What would be your menu’s answer to a ‘comfort food’?
CC: Pork Ragu, it’s very simple and very comforting. It’s the first item I put on the menu nine years ago, and I can’t take it off. Sometimes I wish I could.
Finally, if you could compare yourself to any rock star, who it would be and why?
CC: I don’t see myself like a rock star; I don’t look at it like that. I signed up for the business cause I wanted to cook, cause I love the vibe, the adrenaline and the push of the crowd. I like feeding people and you’re forever learning. Chef ultimately translates to teacher because you can’t do it all by yourself. I’m here all the time. That component is what interests me the most—the learning and pushing it to another direction. Rockstar wise, I don’t consider it that.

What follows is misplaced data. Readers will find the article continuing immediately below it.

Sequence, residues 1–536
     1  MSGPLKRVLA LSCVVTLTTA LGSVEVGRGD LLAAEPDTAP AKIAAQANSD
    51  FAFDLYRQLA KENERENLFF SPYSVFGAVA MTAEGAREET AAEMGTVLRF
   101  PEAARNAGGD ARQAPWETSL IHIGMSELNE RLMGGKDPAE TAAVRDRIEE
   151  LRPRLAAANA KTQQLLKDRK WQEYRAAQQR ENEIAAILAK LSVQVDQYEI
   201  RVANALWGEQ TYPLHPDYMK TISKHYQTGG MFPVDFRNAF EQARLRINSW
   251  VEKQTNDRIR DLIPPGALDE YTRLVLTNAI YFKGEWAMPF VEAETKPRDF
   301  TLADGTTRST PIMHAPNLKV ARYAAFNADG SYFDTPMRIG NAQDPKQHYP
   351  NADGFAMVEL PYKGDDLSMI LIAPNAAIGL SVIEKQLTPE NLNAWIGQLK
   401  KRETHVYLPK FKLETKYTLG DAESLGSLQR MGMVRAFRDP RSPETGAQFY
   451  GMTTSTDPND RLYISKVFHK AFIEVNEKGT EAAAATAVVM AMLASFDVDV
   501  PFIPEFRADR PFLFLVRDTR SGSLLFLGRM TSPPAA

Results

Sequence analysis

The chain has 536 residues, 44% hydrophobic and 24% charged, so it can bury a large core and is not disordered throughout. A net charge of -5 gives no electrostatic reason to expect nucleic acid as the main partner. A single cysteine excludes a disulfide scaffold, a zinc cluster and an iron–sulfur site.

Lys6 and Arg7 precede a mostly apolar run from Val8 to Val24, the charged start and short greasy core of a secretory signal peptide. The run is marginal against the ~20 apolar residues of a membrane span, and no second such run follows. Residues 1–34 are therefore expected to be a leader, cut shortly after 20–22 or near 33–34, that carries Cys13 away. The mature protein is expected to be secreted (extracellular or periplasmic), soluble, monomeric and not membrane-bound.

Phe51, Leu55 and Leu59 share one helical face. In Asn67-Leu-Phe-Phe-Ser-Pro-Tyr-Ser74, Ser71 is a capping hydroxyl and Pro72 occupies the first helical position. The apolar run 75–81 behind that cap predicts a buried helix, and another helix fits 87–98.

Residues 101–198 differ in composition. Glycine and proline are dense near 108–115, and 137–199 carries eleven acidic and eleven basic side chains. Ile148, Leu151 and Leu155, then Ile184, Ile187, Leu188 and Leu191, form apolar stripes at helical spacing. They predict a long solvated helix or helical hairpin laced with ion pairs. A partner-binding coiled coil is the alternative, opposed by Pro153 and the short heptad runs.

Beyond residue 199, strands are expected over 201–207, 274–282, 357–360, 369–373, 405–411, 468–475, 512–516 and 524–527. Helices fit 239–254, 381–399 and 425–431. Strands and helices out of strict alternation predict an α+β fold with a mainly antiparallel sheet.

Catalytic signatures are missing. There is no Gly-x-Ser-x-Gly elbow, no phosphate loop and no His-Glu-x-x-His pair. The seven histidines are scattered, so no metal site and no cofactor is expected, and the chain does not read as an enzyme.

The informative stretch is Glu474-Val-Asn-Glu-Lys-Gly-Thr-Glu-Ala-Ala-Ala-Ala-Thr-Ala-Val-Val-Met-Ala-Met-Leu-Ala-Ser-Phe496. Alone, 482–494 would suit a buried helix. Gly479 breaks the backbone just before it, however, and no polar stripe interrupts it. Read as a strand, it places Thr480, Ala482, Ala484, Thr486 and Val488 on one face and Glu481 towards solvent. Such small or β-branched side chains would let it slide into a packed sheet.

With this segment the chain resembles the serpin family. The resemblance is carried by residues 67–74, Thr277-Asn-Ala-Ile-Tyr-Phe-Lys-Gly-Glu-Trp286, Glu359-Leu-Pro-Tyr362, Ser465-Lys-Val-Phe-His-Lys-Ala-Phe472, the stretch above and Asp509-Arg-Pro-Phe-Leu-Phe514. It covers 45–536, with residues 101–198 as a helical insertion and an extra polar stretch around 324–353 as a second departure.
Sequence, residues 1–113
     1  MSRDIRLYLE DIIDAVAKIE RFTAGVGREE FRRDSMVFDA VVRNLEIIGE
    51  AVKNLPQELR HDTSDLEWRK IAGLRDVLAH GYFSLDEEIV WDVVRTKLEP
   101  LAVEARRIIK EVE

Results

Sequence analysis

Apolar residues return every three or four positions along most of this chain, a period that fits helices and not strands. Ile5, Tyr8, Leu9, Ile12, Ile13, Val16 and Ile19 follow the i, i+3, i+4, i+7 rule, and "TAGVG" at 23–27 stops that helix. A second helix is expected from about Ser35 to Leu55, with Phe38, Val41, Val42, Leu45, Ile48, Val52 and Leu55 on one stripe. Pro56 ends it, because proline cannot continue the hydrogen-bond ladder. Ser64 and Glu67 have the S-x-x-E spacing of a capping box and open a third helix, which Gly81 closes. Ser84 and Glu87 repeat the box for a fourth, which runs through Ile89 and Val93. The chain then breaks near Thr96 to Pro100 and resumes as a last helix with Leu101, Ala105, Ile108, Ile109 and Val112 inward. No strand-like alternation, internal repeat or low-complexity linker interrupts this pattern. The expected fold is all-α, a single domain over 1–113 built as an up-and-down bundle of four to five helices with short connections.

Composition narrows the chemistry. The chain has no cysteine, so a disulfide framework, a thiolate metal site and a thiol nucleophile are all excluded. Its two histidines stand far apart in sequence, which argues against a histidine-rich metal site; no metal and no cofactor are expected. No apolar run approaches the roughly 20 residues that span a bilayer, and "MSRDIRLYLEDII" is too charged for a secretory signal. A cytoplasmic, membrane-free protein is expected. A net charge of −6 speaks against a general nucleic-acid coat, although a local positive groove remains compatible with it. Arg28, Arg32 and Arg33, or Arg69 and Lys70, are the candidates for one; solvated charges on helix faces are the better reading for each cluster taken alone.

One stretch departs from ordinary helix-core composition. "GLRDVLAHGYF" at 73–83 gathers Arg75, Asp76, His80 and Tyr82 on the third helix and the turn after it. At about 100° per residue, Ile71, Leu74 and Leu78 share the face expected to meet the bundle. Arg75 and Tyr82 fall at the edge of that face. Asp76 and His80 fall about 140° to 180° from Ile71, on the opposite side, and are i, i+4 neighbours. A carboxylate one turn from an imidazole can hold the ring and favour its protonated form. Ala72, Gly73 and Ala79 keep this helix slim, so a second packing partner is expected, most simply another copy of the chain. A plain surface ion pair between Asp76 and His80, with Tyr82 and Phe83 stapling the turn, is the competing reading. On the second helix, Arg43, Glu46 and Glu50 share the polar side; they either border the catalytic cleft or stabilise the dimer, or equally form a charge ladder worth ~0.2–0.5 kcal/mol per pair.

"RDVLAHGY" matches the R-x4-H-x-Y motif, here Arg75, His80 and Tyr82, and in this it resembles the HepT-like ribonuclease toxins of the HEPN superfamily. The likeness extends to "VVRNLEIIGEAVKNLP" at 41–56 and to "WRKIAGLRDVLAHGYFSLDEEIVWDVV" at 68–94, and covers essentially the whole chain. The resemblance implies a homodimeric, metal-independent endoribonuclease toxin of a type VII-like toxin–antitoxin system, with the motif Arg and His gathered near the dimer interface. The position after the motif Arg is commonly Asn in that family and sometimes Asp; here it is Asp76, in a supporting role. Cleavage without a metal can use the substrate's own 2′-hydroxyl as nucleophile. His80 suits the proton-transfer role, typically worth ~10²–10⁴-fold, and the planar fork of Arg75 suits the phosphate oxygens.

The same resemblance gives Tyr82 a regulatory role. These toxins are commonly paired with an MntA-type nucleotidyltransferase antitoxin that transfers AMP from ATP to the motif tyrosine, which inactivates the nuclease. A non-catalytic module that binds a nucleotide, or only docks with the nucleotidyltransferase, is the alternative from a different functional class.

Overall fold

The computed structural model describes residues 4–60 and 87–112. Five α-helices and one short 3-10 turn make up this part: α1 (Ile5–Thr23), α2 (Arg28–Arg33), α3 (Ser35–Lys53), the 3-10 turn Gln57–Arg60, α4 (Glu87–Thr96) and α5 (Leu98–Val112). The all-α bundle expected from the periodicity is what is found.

It’s good for the food industry, that chefs are looked at in a different way. In some ways its great, in some ways there is a lot of demise. There’s a lot of people in the younger generation leaving cooking school that expect to get on television. Michael Symon, Bobby Flay, Mario Batali, they all worked their butts off for years in the kitchen. Television came way after. I come to work and deal with problems, I touch food, I train people. It’s life, and it’s not as rosy as it’s always portrayed in television.